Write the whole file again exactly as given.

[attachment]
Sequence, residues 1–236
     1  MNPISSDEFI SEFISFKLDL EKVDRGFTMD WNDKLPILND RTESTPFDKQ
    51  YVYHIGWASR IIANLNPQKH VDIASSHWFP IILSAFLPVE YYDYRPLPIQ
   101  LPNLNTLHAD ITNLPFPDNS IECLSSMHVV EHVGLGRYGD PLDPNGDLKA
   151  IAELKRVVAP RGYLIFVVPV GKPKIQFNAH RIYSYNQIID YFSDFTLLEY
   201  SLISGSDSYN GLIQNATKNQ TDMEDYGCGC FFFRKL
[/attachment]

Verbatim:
Sequence, residues 1–236
     1  MNPISSDEFI SEFISFKLDL EKVDRGFTMD WNDKLPILND RTESTPFDKQ
    51  YVYHIGWASR IIANLNPQKH VDIASSHWFP IILSAFLPVE YYDYRPLPIQ
   101  LPNLNTLHAD ITNLPFPDNS IECLSSMHVV EHVGLGRYGD PLDPNGDLKA
   151  IAELKRVVAP RGYLIFVVPV GKPKIQFNAH RIYSYNQIID YFSDFTLLEY
   201  SLISGSDSYN GLIQNATKNQ TDMEDYGCGC FFFRKL